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Durrants auctioneers in Beccles hope grandfather clock collection will chime with buyers

PUBLISHED: 12:55 19 January 2017 | UPDATED: 13:06 19 January 2017

Durrants Auction Rooms are set to auction off five uinique longcase clocks.
Bev Baker from Durrants with the clocks.
PHOTO: Nick Butcher

Durrants Auction Rooms are set to auction off five uinique longcase clocks. Bev Baker from Durrants with the clocks. PHOTO: Nick Butcher

©archant2017

On the face of it, a clock is just something that tells the time. But these ones are special - and time is running out if you want to buy one.

Durrants Auction Rooms are set to auction off five uinique longcase clocks.

PHOTO: Nick Butcher Durrants Auction Rooms are set to auction off five uinique longcase clocks. PHOTO: Nick Butcher

The five antique timepieces are going under the hammer at a Beccles auction house.

The three longcase clocks and two regulators are part of a collection owned by a local man and are his second batch to be sold at Durrants.

The regulators are psrticularly accurate and would have been used in country houses to set other clocks by.

Clockmaker Dents of London made the first, which is an oak-cased wall-mounted clock and was 
owned by a well-known collector 
in the 1930s, whose collection was sold at Sotheby’s.

The second is a Georgian regulator, probably made by David Ritchie in London circa 1812 as it boasts the type of pendulum he was known for.

There are three longcase clocks, which have eight-day movement, and two of them are locally made.

One was made by Feltham, who had known links to Harleston and Stowmarket and has a rocking ship, which works with the movement of the pendulum.

Durrants Auction Rooms are set to auction off five uinique longcase clocks.  PHOTO: Nick Butcher Durrants Auction Rooms are set to auction off five uinique longcase clocks. PHOTO: Nick Butcher

It is made of flame mahogany with an elegant door and in each corner there is a figure representing a season.

Feltham made watches as well as clocks and was active in the period between 1839 and 1846.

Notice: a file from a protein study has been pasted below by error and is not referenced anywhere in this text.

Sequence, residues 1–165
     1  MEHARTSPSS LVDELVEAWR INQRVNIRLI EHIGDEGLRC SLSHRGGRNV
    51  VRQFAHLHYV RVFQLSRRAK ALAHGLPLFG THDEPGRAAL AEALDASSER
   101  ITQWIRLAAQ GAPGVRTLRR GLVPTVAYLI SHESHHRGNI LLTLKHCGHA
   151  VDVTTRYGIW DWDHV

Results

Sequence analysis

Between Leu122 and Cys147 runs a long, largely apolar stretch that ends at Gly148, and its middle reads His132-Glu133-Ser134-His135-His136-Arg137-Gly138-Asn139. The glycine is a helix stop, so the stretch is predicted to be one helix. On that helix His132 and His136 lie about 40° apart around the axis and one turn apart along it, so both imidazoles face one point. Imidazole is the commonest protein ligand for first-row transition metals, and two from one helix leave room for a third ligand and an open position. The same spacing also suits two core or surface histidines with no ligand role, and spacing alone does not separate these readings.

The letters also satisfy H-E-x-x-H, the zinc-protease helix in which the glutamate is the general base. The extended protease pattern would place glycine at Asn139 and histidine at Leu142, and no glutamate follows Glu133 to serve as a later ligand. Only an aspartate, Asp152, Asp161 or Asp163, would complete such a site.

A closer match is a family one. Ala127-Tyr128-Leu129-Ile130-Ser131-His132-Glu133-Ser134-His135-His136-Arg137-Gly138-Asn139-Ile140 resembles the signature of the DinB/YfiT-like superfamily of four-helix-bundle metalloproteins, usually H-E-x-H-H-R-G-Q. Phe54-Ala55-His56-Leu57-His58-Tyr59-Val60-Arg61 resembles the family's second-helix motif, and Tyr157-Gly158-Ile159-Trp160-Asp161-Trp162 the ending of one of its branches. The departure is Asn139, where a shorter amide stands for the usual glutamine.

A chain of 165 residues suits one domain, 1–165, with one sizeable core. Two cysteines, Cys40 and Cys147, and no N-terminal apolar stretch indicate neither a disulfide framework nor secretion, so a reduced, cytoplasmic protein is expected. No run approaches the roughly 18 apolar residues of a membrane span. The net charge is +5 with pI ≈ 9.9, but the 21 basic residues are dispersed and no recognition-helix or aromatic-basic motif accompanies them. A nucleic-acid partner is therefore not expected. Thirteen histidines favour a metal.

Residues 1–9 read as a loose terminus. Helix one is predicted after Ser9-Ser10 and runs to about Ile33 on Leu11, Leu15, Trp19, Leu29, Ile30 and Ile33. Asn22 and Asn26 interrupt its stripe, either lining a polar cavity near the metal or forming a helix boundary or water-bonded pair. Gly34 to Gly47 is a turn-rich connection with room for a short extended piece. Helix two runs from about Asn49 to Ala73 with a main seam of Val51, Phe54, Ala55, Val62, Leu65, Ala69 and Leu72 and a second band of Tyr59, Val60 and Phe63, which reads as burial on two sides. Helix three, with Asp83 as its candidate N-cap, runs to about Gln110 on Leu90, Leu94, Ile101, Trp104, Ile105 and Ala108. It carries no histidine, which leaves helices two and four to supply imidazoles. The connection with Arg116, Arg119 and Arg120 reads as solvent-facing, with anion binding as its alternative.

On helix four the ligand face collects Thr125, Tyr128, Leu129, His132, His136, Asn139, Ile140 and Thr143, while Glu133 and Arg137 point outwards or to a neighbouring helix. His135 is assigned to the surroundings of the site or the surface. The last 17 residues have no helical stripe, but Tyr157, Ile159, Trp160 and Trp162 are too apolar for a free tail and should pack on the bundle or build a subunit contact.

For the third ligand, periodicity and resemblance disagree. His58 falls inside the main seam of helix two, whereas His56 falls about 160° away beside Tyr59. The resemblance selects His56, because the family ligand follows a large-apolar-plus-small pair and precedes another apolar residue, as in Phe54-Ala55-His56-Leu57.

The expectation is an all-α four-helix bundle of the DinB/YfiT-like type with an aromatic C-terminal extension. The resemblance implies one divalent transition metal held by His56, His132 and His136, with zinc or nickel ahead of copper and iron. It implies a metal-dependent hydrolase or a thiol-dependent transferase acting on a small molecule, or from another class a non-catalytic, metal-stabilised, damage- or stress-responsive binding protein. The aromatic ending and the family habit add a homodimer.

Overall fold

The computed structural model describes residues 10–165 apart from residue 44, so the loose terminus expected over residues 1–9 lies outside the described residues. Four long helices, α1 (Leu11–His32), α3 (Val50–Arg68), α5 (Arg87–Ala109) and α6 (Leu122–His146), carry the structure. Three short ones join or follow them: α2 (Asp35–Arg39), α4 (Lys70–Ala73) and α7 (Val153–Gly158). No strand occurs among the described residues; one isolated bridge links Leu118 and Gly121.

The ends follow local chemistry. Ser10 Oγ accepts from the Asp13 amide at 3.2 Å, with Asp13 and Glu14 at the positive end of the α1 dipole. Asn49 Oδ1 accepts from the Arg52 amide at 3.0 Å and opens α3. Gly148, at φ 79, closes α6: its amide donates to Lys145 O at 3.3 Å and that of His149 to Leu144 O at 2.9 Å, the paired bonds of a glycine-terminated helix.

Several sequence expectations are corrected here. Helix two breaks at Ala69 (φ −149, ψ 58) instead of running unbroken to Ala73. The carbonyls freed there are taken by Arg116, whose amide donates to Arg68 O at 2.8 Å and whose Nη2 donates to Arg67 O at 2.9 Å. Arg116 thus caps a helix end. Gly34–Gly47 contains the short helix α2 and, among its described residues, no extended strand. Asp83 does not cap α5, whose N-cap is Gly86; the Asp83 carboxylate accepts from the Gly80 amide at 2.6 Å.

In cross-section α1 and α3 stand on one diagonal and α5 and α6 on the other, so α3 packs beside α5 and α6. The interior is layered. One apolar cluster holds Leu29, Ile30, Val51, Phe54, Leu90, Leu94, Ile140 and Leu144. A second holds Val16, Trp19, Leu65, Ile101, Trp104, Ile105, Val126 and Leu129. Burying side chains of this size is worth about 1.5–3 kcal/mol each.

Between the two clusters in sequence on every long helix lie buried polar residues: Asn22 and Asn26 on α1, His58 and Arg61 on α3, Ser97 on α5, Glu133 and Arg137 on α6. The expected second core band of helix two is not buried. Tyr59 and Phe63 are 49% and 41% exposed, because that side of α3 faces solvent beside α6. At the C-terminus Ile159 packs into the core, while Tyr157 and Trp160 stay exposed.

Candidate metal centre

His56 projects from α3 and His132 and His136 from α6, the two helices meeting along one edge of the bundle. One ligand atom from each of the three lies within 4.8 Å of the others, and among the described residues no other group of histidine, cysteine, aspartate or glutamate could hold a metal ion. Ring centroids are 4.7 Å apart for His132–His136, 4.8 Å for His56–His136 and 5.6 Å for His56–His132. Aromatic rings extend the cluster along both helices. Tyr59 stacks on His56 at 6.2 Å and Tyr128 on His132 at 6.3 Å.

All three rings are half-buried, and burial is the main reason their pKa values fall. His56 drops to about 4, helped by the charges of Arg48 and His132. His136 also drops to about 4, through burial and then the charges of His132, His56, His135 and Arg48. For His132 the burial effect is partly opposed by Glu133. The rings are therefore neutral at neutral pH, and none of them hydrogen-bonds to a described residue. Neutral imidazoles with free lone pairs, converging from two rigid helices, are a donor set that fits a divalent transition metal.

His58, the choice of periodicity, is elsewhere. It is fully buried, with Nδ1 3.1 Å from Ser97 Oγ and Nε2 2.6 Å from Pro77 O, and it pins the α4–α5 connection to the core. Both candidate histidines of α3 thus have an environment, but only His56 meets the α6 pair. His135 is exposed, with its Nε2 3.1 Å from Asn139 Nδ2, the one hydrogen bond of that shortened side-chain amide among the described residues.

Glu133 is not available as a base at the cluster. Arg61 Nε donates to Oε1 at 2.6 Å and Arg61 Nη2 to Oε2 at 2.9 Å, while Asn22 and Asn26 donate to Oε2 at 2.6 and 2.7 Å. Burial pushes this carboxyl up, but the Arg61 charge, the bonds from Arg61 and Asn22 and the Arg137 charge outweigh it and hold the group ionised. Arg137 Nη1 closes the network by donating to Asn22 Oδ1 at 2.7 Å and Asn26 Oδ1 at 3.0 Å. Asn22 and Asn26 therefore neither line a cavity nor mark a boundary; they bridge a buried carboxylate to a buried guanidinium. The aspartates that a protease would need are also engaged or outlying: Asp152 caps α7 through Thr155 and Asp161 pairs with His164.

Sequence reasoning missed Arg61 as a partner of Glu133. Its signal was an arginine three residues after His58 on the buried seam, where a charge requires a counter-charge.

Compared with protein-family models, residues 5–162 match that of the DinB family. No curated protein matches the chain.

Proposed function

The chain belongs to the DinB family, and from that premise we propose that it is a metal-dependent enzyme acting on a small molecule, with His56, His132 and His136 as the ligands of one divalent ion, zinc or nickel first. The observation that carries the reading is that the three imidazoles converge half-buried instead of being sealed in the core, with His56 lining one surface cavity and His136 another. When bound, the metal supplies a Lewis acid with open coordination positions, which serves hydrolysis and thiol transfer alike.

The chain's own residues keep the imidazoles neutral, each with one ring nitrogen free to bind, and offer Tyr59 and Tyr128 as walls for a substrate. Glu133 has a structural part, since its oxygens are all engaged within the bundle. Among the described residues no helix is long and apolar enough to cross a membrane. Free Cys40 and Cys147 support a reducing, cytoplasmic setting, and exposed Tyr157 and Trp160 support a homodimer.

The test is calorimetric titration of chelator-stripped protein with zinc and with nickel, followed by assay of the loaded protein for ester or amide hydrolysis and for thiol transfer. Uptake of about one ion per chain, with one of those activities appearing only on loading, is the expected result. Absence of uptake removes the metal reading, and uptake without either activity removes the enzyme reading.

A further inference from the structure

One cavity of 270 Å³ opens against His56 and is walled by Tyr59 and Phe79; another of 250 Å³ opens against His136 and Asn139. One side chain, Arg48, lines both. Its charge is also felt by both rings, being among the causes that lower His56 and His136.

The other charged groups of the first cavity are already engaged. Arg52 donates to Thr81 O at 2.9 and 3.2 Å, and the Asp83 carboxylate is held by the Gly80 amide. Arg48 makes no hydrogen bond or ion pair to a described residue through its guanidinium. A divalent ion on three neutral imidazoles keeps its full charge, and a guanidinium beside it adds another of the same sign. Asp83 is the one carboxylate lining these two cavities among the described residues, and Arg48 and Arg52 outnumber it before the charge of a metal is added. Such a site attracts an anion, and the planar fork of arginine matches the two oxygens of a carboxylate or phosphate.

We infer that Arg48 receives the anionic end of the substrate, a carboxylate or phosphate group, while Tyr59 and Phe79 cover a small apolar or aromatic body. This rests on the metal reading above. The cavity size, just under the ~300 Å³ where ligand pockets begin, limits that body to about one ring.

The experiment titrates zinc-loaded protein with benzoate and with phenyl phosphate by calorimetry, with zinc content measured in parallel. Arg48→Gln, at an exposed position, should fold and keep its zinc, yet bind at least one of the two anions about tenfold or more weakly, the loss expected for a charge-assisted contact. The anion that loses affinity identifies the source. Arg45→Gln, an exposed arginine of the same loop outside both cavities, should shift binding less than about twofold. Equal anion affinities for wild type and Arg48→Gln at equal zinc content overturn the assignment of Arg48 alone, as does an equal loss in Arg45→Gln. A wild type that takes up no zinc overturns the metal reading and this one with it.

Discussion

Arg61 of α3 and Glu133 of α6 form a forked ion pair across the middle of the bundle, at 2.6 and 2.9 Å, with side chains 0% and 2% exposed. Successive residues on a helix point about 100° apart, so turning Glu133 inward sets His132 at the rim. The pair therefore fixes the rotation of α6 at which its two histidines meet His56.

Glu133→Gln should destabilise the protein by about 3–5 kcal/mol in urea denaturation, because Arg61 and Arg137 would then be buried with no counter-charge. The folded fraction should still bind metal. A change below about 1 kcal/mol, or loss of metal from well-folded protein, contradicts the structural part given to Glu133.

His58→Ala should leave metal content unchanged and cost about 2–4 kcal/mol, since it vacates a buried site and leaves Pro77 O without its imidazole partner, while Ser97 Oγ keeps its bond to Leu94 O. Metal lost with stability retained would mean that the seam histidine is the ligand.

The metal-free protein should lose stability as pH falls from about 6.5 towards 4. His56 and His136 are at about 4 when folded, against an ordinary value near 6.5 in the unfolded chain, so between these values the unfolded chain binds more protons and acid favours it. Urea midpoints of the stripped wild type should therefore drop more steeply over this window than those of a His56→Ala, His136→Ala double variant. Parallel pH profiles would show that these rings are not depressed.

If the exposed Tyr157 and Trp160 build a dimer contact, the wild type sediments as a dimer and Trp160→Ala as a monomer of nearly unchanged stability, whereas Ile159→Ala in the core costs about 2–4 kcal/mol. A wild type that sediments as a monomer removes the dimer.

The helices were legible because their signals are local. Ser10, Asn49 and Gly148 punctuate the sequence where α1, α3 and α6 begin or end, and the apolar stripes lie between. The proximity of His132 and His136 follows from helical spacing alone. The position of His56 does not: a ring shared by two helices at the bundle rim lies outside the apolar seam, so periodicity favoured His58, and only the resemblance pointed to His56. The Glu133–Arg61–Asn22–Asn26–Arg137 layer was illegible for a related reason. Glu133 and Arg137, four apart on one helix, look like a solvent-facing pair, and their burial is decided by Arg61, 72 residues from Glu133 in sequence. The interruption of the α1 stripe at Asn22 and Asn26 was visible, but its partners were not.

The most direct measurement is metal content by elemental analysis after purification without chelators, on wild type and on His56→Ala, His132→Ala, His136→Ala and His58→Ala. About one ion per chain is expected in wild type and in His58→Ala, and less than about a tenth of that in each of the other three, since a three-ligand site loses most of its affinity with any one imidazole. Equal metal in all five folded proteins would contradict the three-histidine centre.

The second longcase clock was produced by Joseph King from Shaftsbury circa 1710. It features marquetry and gold-coloured spandrels behind the dials.

There is also a function which allows the user to change the mode of the clock from silent to chiming.

The final clock hails from Beccles and was made by Richard Durrant between 1823 and 1855. He may be a descendant from the Durrant family who own the auction house.

The case is flame mahogany and has been kept out of sunlight most of its life.

Mark Whistler, manager at Durrants said: “The height and hood are typical of this area of Suffolk because many houses had 
low ceilings so it was made a bit shorter.

“The dial features a swan on the river, which is thought to be the River Waveney and the swan rocks with the motion of the pendulum.

“Durrants started in the 1850s so its entirely possible Mr Durrant was some kind of relative so if anyone knows of any connection we would like to know.

“We expect the collection as a whole to reach several thousand pounds.

“We have never seen such a wonderful quality collection of clocks up for sale.”

What are regulator clocks?

Regulator clocks are sometimes referred to as pendulum clocks and were invented in the late 18th century in a bid to help timekeeping become accurate.

They are weight-driven devices and each of the clock’s hands work off a different mechanism.

The earliest regulators were invented by Benjamin Vulliamy and James Harrison between 1760 and 1780.

Regulators were most popular in Vienna and were used in places such as train stations.

The longcase clock, which is also known as the grandfather clock, was the result of two breakthroughs in the late 1650s – the application of the pendulum clock and the invention of the anchor escapement.

It was first used in clockmaking by Dutchman Christiaan Huygens in 1656 with the pendulum made for near frictionless time-keeping and the anchor mechanism reducing the swing to improve accuracy.

This style of clock was extremely popular for more than two centuries.

The auction takes place on February 10, bids can be taken via saleroom.com, on the phone or in person on the day. Call Durrants Auction Rooms on 01502 713490.

Do you own some unusual antiques? Email louisa.lay@archant.co.uk

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